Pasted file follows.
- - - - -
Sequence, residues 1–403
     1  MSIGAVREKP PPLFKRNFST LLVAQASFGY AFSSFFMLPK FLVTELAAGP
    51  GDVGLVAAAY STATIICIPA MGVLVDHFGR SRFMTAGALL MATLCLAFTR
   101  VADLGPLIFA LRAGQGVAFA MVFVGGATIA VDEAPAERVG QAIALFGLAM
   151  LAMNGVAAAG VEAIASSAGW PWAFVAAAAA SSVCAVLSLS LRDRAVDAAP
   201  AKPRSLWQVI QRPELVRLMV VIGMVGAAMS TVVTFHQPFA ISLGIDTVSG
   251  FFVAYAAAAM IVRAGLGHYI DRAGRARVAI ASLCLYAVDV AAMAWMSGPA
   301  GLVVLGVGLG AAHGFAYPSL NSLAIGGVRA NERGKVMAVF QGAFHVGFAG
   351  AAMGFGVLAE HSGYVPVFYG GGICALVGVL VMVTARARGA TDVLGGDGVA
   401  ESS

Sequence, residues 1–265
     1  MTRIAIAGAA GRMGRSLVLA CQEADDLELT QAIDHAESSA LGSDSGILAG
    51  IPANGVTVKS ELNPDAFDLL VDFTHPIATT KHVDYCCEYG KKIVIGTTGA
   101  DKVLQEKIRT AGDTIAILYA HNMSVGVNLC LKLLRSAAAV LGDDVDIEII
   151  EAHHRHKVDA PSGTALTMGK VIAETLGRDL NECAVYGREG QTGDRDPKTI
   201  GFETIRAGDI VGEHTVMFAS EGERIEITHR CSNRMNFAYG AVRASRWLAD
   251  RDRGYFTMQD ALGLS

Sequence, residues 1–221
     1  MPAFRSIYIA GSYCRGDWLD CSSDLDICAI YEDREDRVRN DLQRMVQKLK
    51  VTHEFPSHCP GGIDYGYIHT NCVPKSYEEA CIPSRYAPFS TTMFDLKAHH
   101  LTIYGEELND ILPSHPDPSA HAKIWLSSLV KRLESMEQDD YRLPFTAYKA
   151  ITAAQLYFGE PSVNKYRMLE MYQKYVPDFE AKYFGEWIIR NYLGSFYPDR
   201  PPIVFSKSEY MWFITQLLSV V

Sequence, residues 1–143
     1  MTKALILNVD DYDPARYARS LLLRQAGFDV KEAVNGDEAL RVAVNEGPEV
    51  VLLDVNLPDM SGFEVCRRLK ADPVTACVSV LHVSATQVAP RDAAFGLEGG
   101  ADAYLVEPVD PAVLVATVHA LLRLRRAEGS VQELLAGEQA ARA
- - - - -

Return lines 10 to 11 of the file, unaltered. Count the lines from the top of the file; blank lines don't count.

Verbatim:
   401  ESS

Sequence, residues 1–265